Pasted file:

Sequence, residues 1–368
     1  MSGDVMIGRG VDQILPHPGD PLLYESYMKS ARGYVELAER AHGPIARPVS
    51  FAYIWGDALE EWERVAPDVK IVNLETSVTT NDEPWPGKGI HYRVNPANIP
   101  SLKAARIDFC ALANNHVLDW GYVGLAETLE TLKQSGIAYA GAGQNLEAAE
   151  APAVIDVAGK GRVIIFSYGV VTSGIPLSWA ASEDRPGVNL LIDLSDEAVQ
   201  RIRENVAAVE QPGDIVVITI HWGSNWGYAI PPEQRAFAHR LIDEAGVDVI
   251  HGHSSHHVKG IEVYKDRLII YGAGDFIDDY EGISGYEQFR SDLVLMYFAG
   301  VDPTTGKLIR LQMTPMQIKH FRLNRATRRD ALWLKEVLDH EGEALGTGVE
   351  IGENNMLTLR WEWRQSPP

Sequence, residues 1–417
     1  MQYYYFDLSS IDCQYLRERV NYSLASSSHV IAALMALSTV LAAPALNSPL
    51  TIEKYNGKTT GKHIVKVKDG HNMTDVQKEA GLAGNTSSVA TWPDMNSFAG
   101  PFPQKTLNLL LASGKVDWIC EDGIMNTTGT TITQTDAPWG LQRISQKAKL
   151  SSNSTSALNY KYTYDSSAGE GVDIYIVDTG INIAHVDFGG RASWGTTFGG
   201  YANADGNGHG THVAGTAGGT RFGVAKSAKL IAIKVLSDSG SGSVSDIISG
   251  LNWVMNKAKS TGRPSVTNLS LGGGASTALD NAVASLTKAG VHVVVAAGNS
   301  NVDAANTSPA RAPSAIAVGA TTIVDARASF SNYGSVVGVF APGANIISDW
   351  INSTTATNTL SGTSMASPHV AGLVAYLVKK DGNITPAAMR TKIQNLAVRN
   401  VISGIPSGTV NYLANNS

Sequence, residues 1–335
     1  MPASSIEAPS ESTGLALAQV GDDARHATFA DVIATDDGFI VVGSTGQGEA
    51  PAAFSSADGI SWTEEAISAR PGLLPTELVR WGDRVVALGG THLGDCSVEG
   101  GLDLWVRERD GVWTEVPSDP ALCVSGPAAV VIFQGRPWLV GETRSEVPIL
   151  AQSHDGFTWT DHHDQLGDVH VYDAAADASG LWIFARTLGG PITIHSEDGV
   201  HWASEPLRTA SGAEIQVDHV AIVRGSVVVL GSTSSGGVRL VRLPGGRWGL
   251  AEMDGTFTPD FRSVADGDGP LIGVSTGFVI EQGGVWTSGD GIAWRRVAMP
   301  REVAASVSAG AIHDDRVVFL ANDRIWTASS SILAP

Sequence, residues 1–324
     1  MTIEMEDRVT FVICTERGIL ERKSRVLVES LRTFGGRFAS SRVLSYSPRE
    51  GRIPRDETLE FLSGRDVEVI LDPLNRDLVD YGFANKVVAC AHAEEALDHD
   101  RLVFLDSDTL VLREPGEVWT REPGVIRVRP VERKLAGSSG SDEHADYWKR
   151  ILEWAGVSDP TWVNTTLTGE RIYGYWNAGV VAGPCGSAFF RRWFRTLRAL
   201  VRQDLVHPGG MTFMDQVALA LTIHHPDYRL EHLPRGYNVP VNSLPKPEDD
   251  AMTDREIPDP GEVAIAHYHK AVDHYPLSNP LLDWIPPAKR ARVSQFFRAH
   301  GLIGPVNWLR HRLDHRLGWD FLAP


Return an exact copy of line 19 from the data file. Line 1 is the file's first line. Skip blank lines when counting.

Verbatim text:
   401  VISGIPSGTV NYLANNS